Saturday, February 12, 2011
Before our freshly minted mayors could even get on the job, accusations were filing in from the opposing camps. Whatever happened to gracious concession? In life as in politics, what goes around eventually comes around but digging up dirt where there is none sounds strange and brings to mind sour grapes. If there was no foul play and no evidence of the foul, than really, the last thing we can afford is legal wranglers just to hiss the other person.
The PM in his MTR tours stressed the importance and the paramount need to remember the fact that opposing points of views within parties and against other parties does not necessarily make enemies. Rather, these are varied paths to the same goals. Which in our scenario is making certain that we all venture forth, whether as a public entity or a private one, to realize goals that are higher than the mud rack in which we soil ourselves.
The opposition leader does not view the DPT as the enemy nor will the DPT hold the opposition as inferior. As much as the government goes about conducting business on behalf of the people of the country, one should remember the opposition party and their worthy representatives do as much, and that is also being done on behalf of the people of the country.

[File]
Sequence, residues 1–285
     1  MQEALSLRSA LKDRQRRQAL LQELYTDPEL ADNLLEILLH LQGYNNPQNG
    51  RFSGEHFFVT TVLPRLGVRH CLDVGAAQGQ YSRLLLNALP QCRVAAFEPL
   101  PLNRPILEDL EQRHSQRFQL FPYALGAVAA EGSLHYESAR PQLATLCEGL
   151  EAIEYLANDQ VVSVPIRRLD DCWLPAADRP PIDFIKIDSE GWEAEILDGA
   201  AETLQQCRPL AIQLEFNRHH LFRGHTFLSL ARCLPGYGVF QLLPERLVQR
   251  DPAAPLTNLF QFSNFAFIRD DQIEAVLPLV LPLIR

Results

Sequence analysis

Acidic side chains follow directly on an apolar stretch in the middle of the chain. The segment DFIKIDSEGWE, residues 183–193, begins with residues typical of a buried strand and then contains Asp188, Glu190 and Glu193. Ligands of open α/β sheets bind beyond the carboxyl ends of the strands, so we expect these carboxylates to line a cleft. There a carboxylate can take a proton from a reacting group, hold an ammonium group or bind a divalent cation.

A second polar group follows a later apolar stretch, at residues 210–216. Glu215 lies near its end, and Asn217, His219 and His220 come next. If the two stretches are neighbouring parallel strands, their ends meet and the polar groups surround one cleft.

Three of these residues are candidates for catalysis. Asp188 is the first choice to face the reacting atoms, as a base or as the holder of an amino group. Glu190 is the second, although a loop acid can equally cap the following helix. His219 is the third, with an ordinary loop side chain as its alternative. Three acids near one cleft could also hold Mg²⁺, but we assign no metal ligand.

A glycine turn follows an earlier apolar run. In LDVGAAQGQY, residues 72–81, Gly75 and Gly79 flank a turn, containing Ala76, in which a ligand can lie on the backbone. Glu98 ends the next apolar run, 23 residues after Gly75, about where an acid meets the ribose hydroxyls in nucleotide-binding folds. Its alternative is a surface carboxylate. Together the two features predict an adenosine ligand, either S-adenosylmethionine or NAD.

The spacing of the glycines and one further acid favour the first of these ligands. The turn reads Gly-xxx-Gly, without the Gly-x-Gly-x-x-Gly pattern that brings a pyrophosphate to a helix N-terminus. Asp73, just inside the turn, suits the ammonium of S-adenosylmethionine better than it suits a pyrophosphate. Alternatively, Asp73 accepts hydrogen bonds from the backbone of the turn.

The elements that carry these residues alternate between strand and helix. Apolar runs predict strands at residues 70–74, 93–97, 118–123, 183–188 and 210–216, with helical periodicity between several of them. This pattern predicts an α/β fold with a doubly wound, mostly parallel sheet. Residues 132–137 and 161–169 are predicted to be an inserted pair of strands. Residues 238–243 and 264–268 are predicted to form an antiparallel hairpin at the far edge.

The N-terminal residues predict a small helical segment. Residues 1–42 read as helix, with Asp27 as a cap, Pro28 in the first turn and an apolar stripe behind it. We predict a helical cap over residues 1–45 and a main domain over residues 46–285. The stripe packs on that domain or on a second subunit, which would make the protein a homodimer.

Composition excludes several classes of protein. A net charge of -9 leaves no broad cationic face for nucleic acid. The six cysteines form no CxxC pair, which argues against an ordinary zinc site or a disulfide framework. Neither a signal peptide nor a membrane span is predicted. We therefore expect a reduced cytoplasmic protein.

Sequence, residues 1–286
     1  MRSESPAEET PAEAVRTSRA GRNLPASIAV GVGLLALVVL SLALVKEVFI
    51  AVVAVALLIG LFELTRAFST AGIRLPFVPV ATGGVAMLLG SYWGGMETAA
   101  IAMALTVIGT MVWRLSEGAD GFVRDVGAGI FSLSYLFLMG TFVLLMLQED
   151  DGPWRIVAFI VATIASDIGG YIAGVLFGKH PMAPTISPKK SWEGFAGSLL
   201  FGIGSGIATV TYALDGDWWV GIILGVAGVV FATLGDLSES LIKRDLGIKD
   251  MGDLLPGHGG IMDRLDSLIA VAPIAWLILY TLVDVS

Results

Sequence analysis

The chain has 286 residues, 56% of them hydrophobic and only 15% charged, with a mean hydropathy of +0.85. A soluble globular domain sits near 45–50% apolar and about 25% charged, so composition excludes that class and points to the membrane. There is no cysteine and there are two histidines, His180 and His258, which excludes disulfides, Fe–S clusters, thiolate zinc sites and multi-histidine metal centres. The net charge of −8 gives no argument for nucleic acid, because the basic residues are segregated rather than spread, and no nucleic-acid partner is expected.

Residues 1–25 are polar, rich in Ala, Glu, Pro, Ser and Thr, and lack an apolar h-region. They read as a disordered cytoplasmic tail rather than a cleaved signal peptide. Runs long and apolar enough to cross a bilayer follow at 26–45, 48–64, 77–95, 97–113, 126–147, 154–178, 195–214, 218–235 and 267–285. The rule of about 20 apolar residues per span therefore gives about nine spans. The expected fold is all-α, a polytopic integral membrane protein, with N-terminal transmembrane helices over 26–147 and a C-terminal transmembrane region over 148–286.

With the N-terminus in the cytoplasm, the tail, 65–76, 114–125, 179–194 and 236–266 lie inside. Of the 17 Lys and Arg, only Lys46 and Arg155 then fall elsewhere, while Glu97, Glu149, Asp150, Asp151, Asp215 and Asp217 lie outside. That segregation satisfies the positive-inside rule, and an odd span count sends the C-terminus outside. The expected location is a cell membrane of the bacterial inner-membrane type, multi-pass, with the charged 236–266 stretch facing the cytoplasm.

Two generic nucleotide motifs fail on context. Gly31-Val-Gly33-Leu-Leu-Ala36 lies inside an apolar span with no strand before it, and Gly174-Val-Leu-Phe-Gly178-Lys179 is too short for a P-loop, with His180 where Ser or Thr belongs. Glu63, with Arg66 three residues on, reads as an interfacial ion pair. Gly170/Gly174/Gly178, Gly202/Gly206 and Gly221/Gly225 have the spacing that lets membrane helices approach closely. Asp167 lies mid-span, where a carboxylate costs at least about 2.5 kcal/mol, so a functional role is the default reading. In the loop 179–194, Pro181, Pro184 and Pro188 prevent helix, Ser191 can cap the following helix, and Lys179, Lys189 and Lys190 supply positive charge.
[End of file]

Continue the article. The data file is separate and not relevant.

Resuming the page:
The truth is laid bare. As in the words of the PM, that we are all Bhutanese above everything and that we are all subjects under one benevolent king. His Majesty the King was on the expressway the other day, granting an impromptu audience to a couple and a small child. As the traffic moved, no doubt commanded by His Majesty, he was there still, talking to the family.
That was one sight of the magnanimity of His Majesty’s heart and as the traffic moved, we couldn't help but feel the touch. It’s simple. Do well and good and above all else, strive, to enrich yourself and than those less fortunate around you.
This is what we’d like to see as Bhutanese and there is no better example than the benevolent kings we have been endowed with. To err is only human and often it is the biggest mistakes of one’s life that shapes and chisels us into what we become. Acceptance of things gone wrong is the first step toward that path. In that vein and train of thought, the Tobacco Act is a collective slap on the faces of the Bhutanese, enacted on our behalf by our elected representatives. That many Bhutanese cannot be wrong when they all unanimously agree that the ban is, both theoretically and practically, an unworkable law that requires a second look and a whole new face lift.
If anything, the Bhutanese have been blessed with a number of laws that are altruistic in nature and fair in execution. Where we are lacking behind is in the implementation of those good laws. And what a pity it would be to waste so much time and energy going on and on about a law and a ban and a regulation we all know is inherently stupid and unworkable from any angle. We take so much pride in our caution and common sense. Perhaps it’s time to apply both. As for the infamous case of the loss of face that props up, well, get a plastic surgery. Otherwise stick with it – I’m betting none of you will venture out in the showbiz business.